Yes, because a Will is an essential back-up device for property that you don’t transfer to your self as trustee. For example, if you acquire property shortly before you die, you may not remember to transfer ownership of it to your Trust, which means that it won’t pass under the terms of the Trust document. But, in your back-up Will, you can include a clause that names someone to get any property that you haven’t left to a particular person or entity. If you don’t have a Will, any property that isn’t transferred by your Living Trust or other probate-avoidance device (such as joint-tenancy) will go to your closest living relatives in an order determined by state law.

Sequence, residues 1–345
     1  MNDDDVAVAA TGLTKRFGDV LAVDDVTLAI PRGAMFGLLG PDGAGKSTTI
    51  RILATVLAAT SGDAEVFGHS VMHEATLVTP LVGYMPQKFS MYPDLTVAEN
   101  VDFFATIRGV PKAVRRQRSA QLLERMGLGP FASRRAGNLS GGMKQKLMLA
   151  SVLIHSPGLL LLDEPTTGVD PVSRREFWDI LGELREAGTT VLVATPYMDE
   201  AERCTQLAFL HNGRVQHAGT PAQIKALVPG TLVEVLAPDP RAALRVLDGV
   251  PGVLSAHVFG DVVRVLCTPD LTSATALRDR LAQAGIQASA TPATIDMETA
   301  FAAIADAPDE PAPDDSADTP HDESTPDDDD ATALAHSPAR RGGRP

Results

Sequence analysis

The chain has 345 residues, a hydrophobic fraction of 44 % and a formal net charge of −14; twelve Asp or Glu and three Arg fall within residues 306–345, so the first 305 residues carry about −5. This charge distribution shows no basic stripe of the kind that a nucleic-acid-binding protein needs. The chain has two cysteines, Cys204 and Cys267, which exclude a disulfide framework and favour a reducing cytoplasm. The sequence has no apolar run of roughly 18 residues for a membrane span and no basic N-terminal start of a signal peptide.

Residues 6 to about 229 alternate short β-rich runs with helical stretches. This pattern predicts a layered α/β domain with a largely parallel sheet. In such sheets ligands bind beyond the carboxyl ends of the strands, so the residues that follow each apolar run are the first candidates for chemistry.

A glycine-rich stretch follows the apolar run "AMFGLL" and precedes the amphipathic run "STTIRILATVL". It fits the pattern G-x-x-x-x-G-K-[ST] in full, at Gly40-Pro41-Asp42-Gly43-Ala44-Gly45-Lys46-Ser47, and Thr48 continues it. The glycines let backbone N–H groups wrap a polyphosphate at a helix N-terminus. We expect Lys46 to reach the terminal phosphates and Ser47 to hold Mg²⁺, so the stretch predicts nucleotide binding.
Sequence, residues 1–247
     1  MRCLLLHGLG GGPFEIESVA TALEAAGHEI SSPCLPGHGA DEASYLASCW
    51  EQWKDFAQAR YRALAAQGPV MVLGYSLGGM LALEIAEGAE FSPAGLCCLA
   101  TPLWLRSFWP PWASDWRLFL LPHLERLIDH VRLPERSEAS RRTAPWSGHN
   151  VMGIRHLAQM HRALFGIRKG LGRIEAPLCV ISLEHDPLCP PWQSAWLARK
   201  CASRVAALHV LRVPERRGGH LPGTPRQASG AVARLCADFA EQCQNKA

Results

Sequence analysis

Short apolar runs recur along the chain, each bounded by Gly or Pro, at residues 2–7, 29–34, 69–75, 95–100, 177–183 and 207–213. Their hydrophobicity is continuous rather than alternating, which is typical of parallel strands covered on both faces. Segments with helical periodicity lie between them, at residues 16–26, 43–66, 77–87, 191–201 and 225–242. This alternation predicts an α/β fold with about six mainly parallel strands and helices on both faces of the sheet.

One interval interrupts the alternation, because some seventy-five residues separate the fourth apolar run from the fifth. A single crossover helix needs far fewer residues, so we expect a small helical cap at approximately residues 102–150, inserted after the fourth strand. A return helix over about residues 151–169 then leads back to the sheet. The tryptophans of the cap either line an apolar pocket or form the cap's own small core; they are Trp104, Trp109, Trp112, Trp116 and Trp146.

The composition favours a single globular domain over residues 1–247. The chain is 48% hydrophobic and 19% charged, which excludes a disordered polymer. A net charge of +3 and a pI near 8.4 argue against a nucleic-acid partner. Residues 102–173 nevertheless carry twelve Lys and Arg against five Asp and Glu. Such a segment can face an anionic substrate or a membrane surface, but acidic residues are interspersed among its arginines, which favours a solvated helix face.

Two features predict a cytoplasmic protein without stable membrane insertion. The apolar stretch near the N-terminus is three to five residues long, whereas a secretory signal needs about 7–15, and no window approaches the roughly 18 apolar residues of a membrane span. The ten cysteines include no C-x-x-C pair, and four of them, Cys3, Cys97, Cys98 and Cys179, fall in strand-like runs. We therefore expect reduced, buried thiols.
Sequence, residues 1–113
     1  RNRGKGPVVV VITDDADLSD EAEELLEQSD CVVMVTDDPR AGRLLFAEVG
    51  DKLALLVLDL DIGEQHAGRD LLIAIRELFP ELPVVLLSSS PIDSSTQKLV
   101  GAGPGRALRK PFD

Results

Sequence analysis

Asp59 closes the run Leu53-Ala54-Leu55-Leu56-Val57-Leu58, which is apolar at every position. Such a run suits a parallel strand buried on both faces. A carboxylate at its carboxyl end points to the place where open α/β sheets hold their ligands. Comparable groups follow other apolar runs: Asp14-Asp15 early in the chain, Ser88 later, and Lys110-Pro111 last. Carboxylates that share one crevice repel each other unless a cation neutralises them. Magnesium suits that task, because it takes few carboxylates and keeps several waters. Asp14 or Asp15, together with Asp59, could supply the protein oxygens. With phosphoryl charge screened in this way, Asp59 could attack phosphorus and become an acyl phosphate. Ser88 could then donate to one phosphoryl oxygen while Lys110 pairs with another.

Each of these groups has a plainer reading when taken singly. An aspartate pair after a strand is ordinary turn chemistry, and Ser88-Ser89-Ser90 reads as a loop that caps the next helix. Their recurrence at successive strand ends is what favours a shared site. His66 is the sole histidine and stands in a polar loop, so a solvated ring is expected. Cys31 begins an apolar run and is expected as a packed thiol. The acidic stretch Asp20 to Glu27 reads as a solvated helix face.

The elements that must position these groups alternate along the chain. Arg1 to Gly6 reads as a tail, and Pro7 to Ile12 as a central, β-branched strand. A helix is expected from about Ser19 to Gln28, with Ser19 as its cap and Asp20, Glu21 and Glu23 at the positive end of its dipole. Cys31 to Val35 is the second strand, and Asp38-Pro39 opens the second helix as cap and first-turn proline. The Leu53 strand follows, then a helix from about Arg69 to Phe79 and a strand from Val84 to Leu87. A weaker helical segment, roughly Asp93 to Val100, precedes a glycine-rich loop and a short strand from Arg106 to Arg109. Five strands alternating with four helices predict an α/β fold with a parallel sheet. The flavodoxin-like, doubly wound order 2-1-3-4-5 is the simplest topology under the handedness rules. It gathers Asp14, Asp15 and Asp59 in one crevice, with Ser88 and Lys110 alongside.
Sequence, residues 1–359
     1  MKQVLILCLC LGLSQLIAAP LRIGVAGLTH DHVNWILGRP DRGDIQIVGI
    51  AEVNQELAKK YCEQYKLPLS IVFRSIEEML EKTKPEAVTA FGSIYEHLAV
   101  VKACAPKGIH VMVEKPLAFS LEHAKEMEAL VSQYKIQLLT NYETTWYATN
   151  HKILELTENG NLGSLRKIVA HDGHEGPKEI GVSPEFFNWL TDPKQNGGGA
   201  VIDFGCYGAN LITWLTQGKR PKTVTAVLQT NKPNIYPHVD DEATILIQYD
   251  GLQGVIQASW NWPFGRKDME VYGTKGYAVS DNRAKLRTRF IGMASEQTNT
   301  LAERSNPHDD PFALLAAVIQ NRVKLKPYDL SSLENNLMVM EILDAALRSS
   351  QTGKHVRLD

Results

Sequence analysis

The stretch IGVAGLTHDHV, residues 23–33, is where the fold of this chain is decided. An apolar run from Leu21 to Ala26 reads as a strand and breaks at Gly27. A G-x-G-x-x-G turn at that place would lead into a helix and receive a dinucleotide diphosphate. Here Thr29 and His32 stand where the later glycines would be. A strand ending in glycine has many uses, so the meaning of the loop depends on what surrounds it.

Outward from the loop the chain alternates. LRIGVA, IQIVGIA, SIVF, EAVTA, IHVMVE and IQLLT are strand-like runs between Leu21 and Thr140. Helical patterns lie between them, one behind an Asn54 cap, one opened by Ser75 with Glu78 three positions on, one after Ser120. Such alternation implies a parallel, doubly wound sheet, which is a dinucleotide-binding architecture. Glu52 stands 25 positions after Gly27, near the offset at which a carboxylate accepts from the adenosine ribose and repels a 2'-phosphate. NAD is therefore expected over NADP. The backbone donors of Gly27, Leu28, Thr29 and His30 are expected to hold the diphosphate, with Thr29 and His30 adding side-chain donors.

The person you appoint to handle the Trust after your death, the successor trustee, simply transfers ownership to the beneficiaries you named in the Trust. Much of the time, this can be accomplished in a few weeks, When all the property has been transferred to the beneficiaries, the Living Trust ceases to exist.